Coming Soon: The Bill for the Massive U.S. Debt
Americans could be in for a rude awakening in coming months when they discover the true scope of the massive national debt racked up by the U.S. government.
In fact, the $1.6 trillion deficit expected for 2010, which is above 10% of gross domestic product (GDP), is only the beginning.
Since the current economic crisis began in late 2007, the U.S. Federal Reserve has tripled the size of its balance sheet, creating enormous amounts of new money by lending to hundreds of ailing banks and buying up more than $1 trillion of questionable asset-backed securities.
But that's only a small part of the story. Since the beginning of the crisis, the Fed has lent, spent, or guaranteed $11.6 trillion, including underwriting the entire system of mortgage finance in the United States, a system that currently shows a nearly $1 trillion loss.
Investment News Briefs
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Fannie, Freddie Get Blank Checks; Holiday Retail Sales Rise 3.6%; Fed to Banks: Set Up CDs with Us; Health Care Bill Likely to Resemble Senate Version; JPMorgan Sues Former Bank Exec; Oil Tops $79 for First Time in Four Weeks
- In what's been called a "perplexing" move by one analyst, the U.S. Treasury lifted a $200 billion cap on the amount of taxpayer dollars that can be injected into ailing mortgage firms Fannie Mae (NYSE: FNM) and Freddie Mac (NYSE: FRE) , providing unlimited support to them. The Treasury put into $60 billion into Fannie and $51 billion into Freddie, and were unlikely to need more than the $200 billion cap, wrote Keefe, Bruyette & Woods Inc. analyst Bose George in a note to investors yesterday (Monday). George views the Treasury's move as a way to more aggressively prop the U.S. housing market, and said the government could step up efforts of its Home Affordable Modification Program (HAMP), a mortgage-modification program designed for homeowners who can no longer afford them. But so far, HAMP and other government props have failed to stop a continuing wave of foreclosures, as Money Morning reported last fall. Shares of the firms, both government-sponsored enterprises (GSE) skyrocketed in trading yesterday. Fannie was up 20.95% to close at $1.27, while Freddie gained 26.98% to close at $1.60.
What the Government Isn't Telling You About the New Healthcare Bill
In a vote that was held at 1 a.m. Monday, the Senate approved a procedural measure that makes it likely a version of the national healthcare bill will make it into law.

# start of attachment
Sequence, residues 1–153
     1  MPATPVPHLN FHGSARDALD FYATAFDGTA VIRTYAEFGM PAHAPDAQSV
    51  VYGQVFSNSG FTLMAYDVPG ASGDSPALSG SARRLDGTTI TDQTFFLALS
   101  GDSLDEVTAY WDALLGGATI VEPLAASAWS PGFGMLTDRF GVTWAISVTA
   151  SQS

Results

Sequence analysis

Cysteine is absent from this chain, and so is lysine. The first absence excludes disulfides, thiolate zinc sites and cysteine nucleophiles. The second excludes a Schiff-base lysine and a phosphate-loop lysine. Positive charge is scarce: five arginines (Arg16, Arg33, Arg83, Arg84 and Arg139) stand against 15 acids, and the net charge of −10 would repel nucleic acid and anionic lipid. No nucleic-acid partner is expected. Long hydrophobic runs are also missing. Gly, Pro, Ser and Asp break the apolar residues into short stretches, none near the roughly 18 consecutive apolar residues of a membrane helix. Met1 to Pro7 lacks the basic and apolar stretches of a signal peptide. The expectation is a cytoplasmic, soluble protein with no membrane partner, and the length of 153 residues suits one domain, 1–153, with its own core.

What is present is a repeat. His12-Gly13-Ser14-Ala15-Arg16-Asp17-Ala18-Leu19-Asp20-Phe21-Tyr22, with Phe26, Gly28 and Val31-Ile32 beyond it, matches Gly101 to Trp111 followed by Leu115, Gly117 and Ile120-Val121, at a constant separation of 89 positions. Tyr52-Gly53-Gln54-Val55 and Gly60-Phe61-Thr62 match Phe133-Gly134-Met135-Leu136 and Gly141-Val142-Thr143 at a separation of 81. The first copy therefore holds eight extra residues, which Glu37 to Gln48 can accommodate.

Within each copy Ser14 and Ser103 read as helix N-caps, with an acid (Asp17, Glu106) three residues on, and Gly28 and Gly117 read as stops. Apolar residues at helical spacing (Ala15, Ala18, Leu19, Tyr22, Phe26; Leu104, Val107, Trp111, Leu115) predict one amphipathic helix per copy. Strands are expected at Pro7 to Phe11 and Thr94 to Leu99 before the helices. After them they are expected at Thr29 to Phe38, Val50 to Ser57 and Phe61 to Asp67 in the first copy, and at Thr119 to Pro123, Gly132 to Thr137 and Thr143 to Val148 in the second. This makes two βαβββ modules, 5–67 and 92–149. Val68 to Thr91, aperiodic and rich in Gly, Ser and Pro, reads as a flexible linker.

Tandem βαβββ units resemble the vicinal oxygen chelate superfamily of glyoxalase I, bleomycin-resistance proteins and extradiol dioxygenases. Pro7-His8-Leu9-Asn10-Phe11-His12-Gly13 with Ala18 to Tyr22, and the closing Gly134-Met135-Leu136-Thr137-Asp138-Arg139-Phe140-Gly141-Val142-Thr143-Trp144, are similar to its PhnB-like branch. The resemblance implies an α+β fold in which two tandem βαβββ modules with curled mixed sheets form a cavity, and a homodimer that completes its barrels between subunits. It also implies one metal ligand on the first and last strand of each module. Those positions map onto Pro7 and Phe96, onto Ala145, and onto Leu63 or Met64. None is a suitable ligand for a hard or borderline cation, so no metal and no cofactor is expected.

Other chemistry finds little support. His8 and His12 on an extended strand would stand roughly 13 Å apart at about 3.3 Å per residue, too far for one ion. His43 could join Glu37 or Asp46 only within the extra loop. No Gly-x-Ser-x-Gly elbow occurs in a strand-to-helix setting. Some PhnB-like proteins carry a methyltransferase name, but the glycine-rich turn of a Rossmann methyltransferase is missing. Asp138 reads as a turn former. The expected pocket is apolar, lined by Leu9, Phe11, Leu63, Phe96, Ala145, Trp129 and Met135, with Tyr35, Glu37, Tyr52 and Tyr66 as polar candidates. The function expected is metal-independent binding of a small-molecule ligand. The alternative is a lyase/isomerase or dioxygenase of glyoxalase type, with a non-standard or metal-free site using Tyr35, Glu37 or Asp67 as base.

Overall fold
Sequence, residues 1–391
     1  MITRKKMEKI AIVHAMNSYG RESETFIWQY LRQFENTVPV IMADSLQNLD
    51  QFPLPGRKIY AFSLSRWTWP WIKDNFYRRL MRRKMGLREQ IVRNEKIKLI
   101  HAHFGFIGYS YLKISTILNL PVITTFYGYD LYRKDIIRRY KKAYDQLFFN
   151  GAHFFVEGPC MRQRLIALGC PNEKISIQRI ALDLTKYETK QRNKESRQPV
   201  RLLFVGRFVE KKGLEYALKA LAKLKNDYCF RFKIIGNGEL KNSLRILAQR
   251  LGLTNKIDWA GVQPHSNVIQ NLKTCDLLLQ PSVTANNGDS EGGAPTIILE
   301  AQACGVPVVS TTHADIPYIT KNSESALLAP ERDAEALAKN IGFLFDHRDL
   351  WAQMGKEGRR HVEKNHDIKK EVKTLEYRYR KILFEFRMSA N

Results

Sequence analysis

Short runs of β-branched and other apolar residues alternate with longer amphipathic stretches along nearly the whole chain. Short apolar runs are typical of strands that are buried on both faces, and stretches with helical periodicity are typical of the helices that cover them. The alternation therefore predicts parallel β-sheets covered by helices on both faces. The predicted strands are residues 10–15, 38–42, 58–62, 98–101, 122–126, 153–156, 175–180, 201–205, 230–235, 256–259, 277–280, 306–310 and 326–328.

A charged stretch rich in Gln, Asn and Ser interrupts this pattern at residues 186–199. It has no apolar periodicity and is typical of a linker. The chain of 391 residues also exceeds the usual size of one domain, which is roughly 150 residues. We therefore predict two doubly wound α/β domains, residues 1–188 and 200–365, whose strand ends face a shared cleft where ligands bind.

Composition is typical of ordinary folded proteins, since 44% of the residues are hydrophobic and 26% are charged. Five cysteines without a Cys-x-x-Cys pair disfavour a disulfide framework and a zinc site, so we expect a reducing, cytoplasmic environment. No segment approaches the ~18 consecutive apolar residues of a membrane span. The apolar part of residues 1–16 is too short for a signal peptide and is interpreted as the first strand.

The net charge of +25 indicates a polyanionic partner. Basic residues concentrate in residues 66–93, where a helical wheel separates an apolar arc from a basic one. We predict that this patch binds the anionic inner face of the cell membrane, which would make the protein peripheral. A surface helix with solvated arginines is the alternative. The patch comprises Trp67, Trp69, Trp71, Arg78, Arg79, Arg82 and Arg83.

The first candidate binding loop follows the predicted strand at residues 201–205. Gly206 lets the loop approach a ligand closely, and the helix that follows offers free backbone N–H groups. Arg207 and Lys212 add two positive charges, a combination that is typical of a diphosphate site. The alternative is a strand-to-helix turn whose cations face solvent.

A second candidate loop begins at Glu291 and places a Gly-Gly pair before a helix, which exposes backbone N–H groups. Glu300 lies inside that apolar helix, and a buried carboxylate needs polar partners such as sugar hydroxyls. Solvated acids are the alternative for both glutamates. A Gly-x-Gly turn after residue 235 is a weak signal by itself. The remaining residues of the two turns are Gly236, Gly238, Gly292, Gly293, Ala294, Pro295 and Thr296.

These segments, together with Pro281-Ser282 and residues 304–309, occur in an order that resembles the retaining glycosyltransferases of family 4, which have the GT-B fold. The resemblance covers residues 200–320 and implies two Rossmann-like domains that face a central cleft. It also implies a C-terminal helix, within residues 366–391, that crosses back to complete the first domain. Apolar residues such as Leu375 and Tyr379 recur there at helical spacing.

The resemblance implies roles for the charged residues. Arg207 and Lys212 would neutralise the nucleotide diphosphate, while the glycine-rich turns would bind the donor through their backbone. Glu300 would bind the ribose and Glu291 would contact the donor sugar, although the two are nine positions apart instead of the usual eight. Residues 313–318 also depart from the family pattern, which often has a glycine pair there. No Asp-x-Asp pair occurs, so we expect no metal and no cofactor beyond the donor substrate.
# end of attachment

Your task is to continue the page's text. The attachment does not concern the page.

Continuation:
In fact, by taking advantage of an obscure rule that allowed lawmakers to start their day and vote on the measure well before dawn, Senate leaders were able to approve the measure and keep alive the possibility that the healthcare bill will be passed by Christmas.
But if you study the Senate bill carefully - no matter what your political persuasion may be - you have to wonder why they even bothered.
Senate Healthcare Bill Headed for Christmas Eve Vote Without Public Option
Shares of health insurers and pharmaceutical companies gained yesterday (Monday) after a new version of the Senate's healthcare reform bill eliminated the so-called public option. But it's the next few weeks on Capitol Hill that will determine the long-term effects that Congressional reforms will have on health-related sectors.
As one of the worst December snowstorms on record passed over Washington last weekend, Senate Democrats successfully negotiated to get the 60 votes needed to clear the first of three motions to thwart further debate on the bill and pave the way for final passage of the bill on Christmas Eve.
"It defies logic that we are now expected to vote on the overall, final package before Christmas with no opportunity to amend it, so we can adjourn for a three-week recess even as legislation will not fully go into effect until 2014," said U.S. Sen. Olympia Snow, R-ME.
How Washington Will Mess with Your Money in 2010
In this era of growing government involvement, it's no surprise that Washington is poised to be the biggest economic wild card of the new year.
Indeed, investors who are trying to estimate the impact that politics will have on their portfolios in 2010 are likely finding this attempt at analysis to be an exercise in futility.
If that's been the case, read on: Political pundits - even those who claim to be impartial - spend a lot of time trying to score points for their side. But they aren't really that interested in the economic aspects of the endless battle. I certainly don't claim to be any more unbiased than the next person. However, I thought it worth trying to take an educated guess at what will actually happen, and what it will mean for our money.
Healthcare Reform May Not Cut Spending or the Federal Deficit
Senate Democrats last week took a critical first step for U.S. President Barack Obama's sweeping healthcare overhaul when they successfully held off Republican efforts to reverse $460 billion in cuts to Medicare - money needed to expand coverage to tens of millions of uninsured Americans.
But as the political battle wears on this week, experts say the debate should turn its focus to one critical question: Will the legislation will put a damper on soaring healthcare costs or simply pile millions of people onto a system that already is threatening to drive the United States into bankruptcy?
Despite contentions by the White House that the bill is a necessary first step in efforts to reform an out-of-control medical system, most analysts are deeply divided over the long term implications of both the Senate and House bills for medical spending and federal deficits.